There are many reasons to keep a food diary. Among these reasons are weight loss, disease control and eating disorders. Therefore, food diaries will differ according to each individual’s needs and goals. These tips will help you keep your food diary on track and help you tailor it to your specific situation.
1. Write What You Eat When You Eat It
Food diarists may be tempted to wait until the end of the day to record the day’s food intake in the diary. This is a mistake, especially for snackers. Make sure that the food diary is in a format that is accessible at all times or near enough. This way, you can write down your food intake as it happens. This will prevent you from missing a small snack or forgetting the sauce you added to your chicken.
2. Do Not Lie To Yourself
Leaving out the salad dressing in the salad or the snack-sized candy bar that came after is not helping you and the diary is for you. There is no reason to fib in your food diary. You know it is a fib, so it makes no difference, except to ruin your food diary habits. Be accurate and write down everything you eat, even if you cheated on a diet or compulsively ate potato chips.
3. Choose a Layout and Stick to It
The layout of a food diary is going to depend on your goals. If you are looking to eat more, such as with an eating disorder, you will want to set your calorie goals in the diary and list your calorie, fat and nutrient intakes. Compare these with what is considered healthy so your confidence in your eating habits will grow. Be sure to reach those healthy suggestions every day. If you are working on a diet and know your eating is affected by your mood, list your mood next to the foods you eat. Once you know what should be included in your diary as it pertains to your goals and needs, be consistent. Always list those items.
4. Set Goals and List Those Goals in the Journal
There is always a goal if a person is keeping a food diary, even if that goal is merely to eat less junk food. On the first page of the diary, list the goals and any pertinent figures, such as weight, caloric intake, etc. This will be a reference page for assessing achievement of those goals.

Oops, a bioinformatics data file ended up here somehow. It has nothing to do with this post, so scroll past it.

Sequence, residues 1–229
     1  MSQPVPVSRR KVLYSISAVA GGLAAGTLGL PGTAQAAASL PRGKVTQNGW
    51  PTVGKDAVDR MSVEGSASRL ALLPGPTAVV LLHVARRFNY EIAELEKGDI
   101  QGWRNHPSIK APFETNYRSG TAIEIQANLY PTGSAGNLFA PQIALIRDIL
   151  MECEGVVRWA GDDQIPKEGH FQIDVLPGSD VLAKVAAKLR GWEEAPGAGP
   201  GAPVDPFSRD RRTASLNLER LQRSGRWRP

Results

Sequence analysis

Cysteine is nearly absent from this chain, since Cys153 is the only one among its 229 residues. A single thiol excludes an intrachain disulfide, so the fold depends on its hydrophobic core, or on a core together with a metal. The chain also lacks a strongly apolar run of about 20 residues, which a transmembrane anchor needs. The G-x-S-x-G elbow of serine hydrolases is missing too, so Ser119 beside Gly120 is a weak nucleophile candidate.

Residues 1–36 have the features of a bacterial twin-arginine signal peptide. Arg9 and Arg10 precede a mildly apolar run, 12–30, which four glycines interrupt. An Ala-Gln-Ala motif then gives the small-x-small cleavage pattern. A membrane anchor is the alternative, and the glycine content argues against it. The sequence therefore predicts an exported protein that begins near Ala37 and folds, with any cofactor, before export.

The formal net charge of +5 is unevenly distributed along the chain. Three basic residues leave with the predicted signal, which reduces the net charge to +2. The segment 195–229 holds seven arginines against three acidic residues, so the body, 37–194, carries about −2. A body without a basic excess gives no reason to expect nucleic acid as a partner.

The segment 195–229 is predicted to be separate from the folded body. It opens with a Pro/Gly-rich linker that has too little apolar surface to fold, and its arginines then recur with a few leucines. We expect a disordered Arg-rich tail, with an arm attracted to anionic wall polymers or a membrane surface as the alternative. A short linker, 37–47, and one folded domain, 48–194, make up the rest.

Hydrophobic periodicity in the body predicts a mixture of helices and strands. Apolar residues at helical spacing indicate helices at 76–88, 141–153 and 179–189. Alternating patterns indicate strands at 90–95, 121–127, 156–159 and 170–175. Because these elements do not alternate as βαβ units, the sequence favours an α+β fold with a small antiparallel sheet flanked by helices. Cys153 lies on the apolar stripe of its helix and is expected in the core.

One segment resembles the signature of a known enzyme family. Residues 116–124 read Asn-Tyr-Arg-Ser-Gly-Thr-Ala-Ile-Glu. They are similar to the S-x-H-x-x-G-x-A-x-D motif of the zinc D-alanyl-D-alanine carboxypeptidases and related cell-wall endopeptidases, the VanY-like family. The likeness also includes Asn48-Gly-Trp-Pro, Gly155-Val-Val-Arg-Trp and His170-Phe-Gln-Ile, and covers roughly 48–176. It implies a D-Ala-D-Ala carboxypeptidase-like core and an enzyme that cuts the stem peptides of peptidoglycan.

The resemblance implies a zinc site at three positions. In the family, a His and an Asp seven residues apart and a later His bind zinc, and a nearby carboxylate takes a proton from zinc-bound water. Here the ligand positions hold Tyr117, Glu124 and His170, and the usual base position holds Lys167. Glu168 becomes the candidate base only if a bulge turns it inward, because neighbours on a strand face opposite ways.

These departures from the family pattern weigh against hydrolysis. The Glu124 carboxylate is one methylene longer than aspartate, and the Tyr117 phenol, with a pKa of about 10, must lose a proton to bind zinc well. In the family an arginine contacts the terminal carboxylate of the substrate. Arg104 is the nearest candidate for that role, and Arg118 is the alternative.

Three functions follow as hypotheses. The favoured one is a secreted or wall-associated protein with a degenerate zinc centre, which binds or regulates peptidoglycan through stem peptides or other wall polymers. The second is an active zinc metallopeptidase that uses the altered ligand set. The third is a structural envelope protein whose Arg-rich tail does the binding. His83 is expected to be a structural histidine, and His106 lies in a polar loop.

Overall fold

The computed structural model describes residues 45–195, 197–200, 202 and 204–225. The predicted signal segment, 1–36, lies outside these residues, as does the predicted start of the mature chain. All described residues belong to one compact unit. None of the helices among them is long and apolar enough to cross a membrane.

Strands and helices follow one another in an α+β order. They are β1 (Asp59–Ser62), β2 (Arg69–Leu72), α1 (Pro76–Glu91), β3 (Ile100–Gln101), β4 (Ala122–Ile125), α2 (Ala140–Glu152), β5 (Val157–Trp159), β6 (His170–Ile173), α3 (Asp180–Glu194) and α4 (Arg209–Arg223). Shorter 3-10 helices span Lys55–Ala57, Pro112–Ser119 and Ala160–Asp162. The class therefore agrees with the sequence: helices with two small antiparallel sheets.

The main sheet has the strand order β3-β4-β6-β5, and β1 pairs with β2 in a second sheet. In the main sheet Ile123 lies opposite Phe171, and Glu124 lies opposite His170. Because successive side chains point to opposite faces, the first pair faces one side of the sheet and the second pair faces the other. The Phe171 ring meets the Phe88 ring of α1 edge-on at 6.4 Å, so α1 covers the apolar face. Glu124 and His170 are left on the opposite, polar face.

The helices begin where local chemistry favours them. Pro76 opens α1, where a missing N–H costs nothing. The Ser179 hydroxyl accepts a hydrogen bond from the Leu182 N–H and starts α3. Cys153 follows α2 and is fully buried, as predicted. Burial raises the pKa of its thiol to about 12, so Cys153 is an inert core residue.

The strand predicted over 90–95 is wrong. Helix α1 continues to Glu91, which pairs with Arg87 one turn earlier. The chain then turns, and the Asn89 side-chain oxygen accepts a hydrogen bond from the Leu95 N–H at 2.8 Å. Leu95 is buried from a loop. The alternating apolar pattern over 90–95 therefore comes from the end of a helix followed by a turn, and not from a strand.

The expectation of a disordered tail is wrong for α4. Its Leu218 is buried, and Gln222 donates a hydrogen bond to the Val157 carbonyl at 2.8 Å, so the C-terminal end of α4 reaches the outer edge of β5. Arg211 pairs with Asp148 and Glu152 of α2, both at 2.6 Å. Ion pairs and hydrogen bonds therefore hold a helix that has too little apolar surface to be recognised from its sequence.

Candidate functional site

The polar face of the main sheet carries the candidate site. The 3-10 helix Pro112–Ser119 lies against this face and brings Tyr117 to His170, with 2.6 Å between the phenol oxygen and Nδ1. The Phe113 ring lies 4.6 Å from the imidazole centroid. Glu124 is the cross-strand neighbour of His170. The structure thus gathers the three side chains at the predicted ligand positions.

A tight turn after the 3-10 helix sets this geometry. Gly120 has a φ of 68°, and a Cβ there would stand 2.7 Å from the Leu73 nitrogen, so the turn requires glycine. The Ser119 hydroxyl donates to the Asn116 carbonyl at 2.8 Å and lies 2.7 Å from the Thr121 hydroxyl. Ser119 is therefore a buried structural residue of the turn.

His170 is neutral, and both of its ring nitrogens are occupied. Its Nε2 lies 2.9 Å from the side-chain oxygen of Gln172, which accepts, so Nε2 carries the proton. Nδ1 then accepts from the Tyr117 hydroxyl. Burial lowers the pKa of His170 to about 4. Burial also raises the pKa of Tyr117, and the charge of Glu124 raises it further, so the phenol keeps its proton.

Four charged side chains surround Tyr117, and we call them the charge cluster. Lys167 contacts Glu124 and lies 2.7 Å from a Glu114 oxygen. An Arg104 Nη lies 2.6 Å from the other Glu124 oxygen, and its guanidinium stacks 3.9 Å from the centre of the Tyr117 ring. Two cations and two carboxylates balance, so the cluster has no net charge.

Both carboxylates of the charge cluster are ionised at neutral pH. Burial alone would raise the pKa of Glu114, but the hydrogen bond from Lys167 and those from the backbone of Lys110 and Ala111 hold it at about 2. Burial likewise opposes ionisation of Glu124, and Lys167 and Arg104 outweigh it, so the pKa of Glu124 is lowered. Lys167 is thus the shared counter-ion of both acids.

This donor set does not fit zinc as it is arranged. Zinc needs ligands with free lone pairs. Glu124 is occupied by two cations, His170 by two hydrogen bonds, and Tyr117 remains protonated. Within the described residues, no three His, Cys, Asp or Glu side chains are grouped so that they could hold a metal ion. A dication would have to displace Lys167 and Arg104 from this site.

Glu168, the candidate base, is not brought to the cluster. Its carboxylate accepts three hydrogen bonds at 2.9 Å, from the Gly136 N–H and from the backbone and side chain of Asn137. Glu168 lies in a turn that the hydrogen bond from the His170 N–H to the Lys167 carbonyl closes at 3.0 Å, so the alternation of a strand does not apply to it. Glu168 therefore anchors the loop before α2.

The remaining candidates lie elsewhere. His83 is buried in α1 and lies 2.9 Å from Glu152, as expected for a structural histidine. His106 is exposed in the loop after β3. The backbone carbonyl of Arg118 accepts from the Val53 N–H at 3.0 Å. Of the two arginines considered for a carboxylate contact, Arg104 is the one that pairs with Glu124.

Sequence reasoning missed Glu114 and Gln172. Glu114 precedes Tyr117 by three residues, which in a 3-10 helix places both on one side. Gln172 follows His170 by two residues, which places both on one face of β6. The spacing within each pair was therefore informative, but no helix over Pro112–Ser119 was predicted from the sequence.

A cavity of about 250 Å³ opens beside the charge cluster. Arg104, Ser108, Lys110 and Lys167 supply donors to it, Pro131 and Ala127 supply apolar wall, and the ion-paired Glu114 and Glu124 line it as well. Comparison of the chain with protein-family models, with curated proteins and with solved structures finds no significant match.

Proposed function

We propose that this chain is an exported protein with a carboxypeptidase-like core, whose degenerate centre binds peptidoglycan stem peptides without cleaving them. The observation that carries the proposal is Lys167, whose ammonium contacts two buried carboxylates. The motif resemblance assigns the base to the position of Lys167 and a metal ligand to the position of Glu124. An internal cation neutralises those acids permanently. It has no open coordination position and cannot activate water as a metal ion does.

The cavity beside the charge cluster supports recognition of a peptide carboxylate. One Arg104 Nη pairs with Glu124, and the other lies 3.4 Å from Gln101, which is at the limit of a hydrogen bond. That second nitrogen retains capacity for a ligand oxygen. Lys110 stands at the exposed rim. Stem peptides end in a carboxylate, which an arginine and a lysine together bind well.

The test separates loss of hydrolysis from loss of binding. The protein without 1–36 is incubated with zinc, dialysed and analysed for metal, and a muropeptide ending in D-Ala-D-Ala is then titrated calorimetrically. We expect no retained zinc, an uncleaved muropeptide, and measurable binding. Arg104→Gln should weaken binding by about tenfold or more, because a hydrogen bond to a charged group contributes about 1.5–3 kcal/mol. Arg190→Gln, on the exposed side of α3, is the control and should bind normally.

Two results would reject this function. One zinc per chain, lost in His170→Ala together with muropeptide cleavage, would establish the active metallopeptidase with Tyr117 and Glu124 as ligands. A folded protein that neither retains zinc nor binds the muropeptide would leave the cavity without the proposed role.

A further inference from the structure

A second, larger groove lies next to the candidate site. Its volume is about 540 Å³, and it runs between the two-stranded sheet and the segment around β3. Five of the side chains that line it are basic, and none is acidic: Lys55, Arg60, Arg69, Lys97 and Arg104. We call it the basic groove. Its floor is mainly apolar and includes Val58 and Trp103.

5. Keep the Journal Where it is Convenient
Having a food diary on your computer is not helpful for a person who works outside all day. Conversely, a paper diary is pointless for someone who is near his or her computer all day long. Choose a medium for your food diary that suits your needs. If you do not carry a bag and are moving about all day, choose a diary that fits in your pocket. If you are likely to forget about or lose a little diary, get a big notebook and keep it in a bag or on your desk.
6. Include Beverages
A very important aspect of food monitoring that is often overlooked is beverages. Many people do not think about it, but there are calories, fat and nutrients in almost all beverages. Unless you are drinking only water, you need to record what you are drinking. Even healthy drinks like pure fruit juice can render your intake counts inaccurate. Write down everything about beverages as you would about food — amount, calories, fat, etc.
Keeping a diary of food intake becomes easier over time. Once goals are memorized and habits are formed, it can take very little time and virtually no effort. Even if the goals are not met, it enhances awareness of a person’s body through what they eat, so it should not be abandoned due to perceived failure. Keep going until the information causes positive change in your life.